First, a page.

The batch sorption capability of Romanian pine bark for the removal of Cu(II) and Zn(II) ions from diluted aqueous solutions was investigated as a function of initial pH, contact time, and temperature. The metal sorption sequence is Cu > Zn. The experimental data for Cu(II) and Zn(II) ions retention on the tested bark of Pinus sylvestris L. showed a better compliance with the pseudo–second order kinetic model. The values of the maximum capacity of sorption, determined on the basis of the Langmuir isotherm model, are 14.7 mg g-1 and 13.01mg g-1 (at 200C) for Cu(II) and Zn(II) ions, respectively. The computed thermodynamic parameters indicate the spontaneous and endothermic nature of Cu(II) and Zn(II) ions sorption process by pine bark. The obtained results suggest that Romanian pine bark is a promising material for the development of a low–cost sorption technology for the removal of Cu(II) and Zn(II) ions from aqueous streams.
- Researchpp 161-172Behrooz, R., Ghasemi, S., Atoii, G. A., and Fatehi, P. (2012). "Mg(OH)2-based hydrogen peroxide bleaching of CMP pulps at high consistency," BioRes. 7(1), 161-172.AbstractArticlePDF
The objective of this study was to investigate the bleaching performance of a Mg(OH)2-based hydrogen peroxide process at a high consistency. In this work, an industrially produced chemimechanical pulp (CMP) was bleached via Mg(OH)2- or NaOH-based hydrogen peroxide processes at 10% and 25% consistencies. The results showed that the pulp bleached under the conditions of 1.5% Mg(OH)2 and 3% H2O2 at 25% consistency had a similar brightness to, a lower yellowness index, and a higher opacity than the pulp produced under the conditions of 2.1% NaOH, 3% Na2SiO3, and 3% H2O2 at the same consistency. The temperature (70 ºC) and time (150 min) of the bleaching were the same for both processes. Under the conditions stated above, the Mg(OH)2-based process had a higher yield than the NaOH-based process did. The bleaching effluent of the Mg(OH)2-based process had a higher residual H2O2, but a lower Chemical Oxygen Demand (COD) load and turbidity, compared with that of the NaOH-based process. However, the strength properties and water retention value (WRV) of the pulp bleached via the Mg(OH)2-based process were lower, while its bulk was higher than those of the pulp bleached via the NaOH-based process.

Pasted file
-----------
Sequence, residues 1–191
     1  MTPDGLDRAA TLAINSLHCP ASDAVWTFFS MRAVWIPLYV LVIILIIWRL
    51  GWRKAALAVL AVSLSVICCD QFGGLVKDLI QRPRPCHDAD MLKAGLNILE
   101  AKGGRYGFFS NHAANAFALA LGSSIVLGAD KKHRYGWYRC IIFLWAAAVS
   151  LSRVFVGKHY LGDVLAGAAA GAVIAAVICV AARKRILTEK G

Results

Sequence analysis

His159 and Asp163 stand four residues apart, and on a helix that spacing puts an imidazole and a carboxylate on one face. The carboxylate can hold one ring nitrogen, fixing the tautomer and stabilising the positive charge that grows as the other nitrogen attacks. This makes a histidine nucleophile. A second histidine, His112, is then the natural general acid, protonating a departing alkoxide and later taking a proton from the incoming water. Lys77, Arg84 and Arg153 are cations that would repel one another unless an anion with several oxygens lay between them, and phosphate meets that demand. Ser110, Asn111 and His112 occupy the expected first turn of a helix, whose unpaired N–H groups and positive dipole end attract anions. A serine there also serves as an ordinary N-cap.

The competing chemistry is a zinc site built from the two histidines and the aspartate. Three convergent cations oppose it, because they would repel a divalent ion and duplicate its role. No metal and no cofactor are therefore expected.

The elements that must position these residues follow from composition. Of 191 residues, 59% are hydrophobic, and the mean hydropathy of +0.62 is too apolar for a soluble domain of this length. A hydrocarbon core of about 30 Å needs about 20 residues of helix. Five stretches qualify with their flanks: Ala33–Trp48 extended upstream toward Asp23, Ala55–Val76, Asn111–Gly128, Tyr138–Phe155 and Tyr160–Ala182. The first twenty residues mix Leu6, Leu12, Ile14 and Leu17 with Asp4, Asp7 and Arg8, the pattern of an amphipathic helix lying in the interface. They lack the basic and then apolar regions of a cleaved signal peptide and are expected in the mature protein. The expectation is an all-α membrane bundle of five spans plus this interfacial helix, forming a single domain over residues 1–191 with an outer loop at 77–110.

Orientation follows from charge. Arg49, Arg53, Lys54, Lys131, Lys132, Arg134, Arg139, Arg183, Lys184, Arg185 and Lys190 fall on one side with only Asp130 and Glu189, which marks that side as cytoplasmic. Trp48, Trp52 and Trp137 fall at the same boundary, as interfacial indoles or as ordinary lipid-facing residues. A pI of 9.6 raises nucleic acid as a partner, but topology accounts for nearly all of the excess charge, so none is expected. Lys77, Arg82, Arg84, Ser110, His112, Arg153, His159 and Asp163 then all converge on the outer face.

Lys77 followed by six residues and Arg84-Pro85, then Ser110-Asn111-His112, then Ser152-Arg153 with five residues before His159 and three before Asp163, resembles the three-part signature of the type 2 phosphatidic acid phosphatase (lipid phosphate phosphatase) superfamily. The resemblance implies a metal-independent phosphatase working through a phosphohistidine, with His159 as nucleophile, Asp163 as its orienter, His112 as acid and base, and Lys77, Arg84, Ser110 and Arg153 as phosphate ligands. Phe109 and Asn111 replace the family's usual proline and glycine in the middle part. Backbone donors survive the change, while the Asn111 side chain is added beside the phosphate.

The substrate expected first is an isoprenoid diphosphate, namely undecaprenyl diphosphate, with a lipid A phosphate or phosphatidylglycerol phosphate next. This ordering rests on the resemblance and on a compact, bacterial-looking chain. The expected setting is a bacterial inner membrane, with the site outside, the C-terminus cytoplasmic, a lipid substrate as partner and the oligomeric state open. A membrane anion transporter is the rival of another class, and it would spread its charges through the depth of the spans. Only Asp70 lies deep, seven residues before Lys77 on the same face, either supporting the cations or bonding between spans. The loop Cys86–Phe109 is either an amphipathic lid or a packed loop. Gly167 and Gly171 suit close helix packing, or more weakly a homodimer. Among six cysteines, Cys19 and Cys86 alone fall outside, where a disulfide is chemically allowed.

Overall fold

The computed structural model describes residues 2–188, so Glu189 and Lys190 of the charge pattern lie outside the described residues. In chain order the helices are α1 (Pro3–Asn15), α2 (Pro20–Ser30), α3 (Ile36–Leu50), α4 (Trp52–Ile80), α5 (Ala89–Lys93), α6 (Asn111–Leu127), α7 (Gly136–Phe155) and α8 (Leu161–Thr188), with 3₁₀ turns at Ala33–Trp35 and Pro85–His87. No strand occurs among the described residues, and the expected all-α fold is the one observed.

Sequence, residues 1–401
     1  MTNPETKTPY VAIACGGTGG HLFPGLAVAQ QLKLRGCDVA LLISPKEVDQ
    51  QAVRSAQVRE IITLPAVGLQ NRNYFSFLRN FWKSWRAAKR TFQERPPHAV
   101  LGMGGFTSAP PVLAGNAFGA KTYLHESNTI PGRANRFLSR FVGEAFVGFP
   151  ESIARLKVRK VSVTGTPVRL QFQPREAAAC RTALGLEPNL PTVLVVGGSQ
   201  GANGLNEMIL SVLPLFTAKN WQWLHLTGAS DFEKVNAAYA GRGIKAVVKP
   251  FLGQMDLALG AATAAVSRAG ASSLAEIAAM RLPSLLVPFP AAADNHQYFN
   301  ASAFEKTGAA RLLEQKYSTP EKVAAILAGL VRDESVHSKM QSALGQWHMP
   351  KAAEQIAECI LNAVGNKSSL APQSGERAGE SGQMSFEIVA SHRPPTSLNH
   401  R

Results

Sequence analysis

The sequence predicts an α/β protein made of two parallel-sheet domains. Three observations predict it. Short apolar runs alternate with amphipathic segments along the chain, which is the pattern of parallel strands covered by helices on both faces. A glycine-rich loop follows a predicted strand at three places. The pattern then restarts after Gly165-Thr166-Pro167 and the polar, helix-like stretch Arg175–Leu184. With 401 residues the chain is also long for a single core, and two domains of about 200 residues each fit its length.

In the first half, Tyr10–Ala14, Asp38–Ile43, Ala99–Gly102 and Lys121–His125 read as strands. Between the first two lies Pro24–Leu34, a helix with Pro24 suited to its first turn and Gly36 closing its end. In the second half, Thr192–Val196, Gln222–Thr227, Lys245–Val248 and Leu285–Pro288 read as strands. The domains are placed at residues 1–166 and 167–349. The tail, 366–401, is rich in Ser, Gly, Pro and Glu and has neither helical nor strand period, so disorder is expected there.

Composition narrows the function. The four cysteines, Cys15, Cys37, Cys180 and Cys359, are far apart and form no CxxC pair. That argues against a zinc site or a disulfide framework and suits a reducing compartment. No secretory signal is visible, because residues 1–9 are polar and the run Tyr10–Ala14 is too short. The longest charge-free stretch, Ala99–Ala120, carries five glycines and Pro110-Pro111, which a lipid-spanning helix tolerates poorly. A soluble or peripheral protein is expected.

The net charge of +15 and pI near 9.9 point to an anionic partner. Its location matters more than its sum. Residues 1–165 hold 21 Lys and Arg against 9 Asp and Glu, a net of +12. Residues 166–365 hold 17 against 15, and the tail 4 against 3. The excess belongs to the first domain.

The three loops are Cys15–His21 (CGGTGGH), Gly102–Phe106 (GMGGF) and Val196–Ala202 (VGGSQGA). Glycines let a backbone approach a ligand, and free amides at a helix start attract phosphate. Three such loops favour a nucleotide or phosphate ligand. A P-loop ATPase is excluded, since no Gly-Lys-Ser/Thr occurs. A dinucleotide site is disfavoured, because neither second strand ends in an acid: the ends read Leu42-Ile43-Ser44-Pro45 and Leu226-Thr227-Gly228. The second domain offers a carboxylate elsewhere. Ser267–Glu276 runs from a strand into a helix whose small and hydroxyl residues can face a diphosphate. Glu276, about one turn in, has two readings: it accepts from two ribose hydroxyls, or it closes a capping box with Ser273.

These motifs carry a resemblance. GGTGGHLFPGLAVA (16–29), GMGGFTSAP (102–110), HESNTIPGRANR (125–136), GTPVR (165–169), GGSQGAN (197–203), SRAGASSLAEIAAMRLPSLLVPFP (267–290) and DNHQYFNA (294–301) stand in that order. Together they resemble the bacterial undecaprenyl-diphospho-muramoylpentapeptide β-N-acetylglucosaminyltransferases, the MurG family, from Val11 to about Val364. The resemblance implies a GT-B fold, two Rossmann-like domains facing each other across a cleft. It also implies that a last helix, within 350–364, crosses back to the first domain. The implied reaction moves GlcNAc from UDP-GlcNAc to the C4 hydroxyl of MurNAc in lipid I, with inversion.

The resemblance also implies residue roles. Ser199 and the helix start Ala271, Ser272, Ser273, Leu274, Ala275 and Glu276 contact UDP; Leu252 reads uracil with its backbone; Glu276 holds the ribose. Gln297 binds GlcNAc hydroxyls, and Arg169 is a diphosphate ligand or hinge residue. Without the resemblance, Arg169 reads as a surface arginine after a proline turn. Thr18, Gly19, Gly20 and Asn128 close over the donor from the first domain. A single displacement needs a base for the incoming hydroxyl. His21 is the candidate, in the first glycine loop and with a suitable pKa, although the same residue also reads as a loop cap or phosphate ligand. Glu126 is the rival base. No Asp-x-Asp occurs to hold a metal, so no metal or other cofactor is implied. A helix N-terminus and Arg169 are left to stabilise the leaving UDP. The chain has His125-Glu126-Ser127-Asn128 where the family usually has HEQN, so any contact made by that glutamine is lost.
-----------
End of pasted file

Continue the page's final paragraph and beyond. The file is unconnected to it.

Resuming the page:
- Researchpp 173-188Ferreira, J. A., Lennartsson, P. R., Niklasson, C., Lundin, M., Edebo, L., and Taherzadeh, M. J. (2012). "Spent sulphite liquor for cultivation of an edible Rhizopus sp.," BioRes. 7(1), 173-188.AbstractArticlePDF
Spent sulphite liquor, the major byproduct from the sulphite pulp production process, was diluted to 50% and used for production of an edible zygomycete Rhizopus sp. The focus was on production, yield, and composition of the fungal biomass composition. The fungus grew well at 20 to 40°C, but 32°C was found to be preferable compared to 20 and 40°C in terms of biomass production and yield (maximum of 0.16 g/g sugars), protein content (0.50-0.60 g/g), alkali-insoluble material (AIM) (ca 0.15 g/g), and glucosamine content (up to 0.30 g/g of AIM). During cultivation in a pilot airlift bioreactor, the yield increased as aeration was raised from 0.15 to 1.0 vvm, indicating a high demand for oxygen. After cultivation at 1.0 vvm for 84 h, high yield and production of biomass (up to 0.34 g/g sugars), protein (0.30-0.50 g/g), lipids (0.02-0.07 g/g), AIM (0.16-0.28 g/g), and glucosamine (0.22-0.32 g/g AIM) were obtained. The fungal biomass produced from spent sulphite liquor is presently being tested as a replacement for fishmeal in feed for fish aquaculture and seems to be a potential source of nutrients and for production of glucosamine.
- Researchpp 189-202Naji, H. R., Sahri, M. H., Nobuchi, T., and Bakar, E. S. (2012). "Clonal and planting density effects on some properties of rubber wood (Hevea brasiliensis Muell. Arg.)," BioRes. 7(1), 189-202.AbstractArticlePDF